We believe ongoing efforts by the Laotian government to develop and strengthen the country's banking sector should help to place domestic banks on a much stronger footing over the coming years. Continued development of the sector would in turn provide the impetus for domestic banks to tap on the immense growth potential the underbanked local market has to offer. Strong economic growth momentum over the coming years should also bode well for banks' earnings. We forecast the country to grow at an annual average growth rate of 6.7% from 2015 to 2024. In terms of politics, we expect a largely stable political environment, owing to the tight rein on power by the Lao People's Revolutionary Party (LPRP). That said, it is also precisely the desire of the LPRP to hold on to power that will lead to continued political repression against any kind of opposition to its rule. Growing public dissent against the government will therefore continue to weigh on the country's long-term political trajectory.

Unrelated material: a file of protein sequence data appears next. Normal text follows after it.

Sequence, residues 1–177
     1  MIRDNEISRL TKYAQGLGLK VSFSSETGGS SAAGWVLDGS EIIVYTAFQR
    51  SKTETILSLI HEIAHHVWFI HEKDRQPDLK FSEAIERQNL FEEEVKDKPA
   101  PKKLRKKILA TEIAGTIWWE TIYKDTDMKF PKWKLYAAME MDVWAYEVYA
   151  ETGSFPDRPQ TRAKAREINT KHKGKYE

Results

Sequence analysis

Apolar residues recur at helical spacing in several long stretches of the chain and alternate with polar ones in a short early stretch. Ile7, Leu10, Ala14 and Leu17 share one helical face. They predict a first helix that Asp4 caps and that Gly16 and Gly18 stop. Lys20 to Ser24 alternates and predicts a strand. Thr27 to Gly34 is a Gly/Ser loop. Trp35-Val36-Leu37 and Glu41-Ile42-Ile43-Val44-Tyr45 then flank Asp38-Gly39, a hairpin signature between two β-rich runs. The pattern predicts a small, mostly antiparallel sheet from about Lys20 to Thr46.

November's ASEAN summit in Myanmar shone the spotlight on the country's political reform drive, which we believe has lost considerable momentum over recent months. In particular, the government has not shown the willingness to make substantive amendments to the constitution, suggesting that opposition leader Aung San Suu Kyi will not be allowed to run for president in 2015's general elections. Furthermore, it looks increasingly likely that the military (Tatmadaw) will retain its automatic 25% share of seats in parliament. Combined with efforts from the ruling USDP to adopt a proportional voting system rather than the first-past-the-post system that has been used in the past, it is likely that the USDP and Tatmadaw will maintain a considerable preference beyond the upcoming elections. At the same time, we also note rising risks that general elections may be postponed, as the government has tied the elections to a nationwide ceasefire which is looking more tenuous by the day.